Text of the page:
Designers, DFT engineers, test engineers, product engineers and foundry engineers who are, or will be, designing or characterizing SoCs


WA-03 Formal Verification and Functional Qualification
Formal Verification of GPU Level of Detail Datapath Block
Kesava R. Talupuru - Qualcomm
In computer graphics a technique called Level of Detail (LOD) is used to improve real-time rendering performance. LOD allows GPU to select different level of details of textures, also called MIPMAP, based on texture to object mapping ratio (LOD). These LOD calculations in GPU are complex floating point operations involving finding reciprocals, derivative computations, derivative adjustment, elliptical transformations, etc. Since the floating point input space for this LOD block is huge, it is not practical to exhaustively verify in simulation. In order to get exhaustive proofs, we leveraged a formal tool called Hector High-Level C to RTL Equivalency Checking from Synopsys. In this paper, we will present various advanced formal techniques we have to use to get exhaustive proofs for this block: assume-guarantee reasoning, case splitting, multiple solve strategies, cutpoints, etc.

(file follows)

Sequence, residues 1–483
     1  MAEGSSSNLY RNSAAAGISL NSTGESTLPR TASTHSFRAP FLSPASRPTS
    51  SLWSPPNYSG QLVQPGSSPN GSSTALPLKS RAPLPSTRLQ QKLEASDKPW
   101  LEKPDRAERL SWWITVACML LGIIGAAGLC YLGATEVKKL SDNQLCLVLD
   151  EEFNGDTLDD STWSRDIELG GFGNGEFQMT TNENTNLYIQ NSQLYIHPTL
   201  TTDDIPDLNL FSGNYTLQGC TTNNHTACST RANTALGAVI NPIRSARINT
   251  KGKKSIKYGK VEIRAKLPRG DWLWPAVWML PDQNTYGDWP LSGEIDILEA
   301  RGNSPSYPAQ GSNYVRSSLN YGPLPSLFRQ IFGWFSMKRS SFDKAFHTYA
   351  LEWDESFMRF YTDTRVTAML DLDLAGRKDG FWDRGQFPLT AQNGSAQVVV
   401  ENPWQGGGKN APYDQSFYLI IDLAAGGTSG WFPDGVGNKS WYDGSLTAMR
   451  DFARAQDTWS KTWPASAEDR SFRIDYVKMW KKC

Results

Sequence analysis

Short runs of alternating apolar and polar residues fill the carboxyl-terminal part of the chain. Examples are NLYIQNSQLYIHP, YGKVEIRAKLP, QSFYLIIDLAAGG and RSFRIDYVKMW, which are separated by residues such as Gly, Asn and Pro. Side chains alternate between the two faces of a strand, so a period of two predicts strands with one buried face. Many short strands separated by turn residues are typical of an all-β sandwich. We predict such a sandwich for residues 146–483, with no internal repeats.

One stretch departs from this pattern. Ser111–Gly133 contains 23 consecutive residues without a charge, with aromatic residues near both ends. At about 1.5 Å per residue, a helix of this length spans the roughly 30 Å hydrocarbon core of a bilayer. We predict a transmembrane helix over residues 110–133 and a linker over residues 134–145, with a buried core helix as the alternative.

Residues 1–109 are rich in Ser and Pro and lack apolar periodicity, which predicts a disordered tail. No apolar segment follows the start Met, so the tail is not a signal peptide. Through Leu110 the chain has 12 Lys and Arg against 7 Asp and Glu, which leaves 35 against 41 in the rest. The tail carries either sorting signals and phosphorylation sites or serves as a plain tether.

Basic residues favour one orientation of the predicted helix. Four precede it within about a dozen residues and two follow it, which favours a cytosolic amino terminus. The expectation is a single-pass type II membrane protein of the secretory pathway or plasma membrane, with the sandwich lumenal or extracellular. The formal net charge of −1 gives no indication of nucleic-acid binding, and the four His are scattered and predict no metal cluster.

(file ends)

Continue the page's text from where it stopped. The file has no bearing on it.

Synopsys Tools Used:
Hector Equivalency Checking tool

Target Audience:
Intermediate

Integration of Certitude Coverage Collection
Keegan Brown - NVIDIA
Certitude provides a mechanism to measure and improve the ability of a testbench to detect possible faults in a design under test. Conventional Certitude usage expects engineers to run analysis at one or more discrete points in the design cycle, however limited runs create difficulty in keeping fault coverage metrics up-to-date as designs and testbenches evolve. This paper describes a system for automating Certitude analysis of designs to provide regular metrics and fault coverage results with no direct user action. The automation allows for tracking Certitude coverage results over time in order to measure testbench and checker progress. Additional benefits included providing timely notice of unexpected fault coverage decreases and making reports available to the user on-demand to minimize overhead. Techniques are discussed for minimizing the runtime by selection of faults to be analyzed, as well as proposed tool enhancements that could be used to further reduce incremental time required for regular automated runs.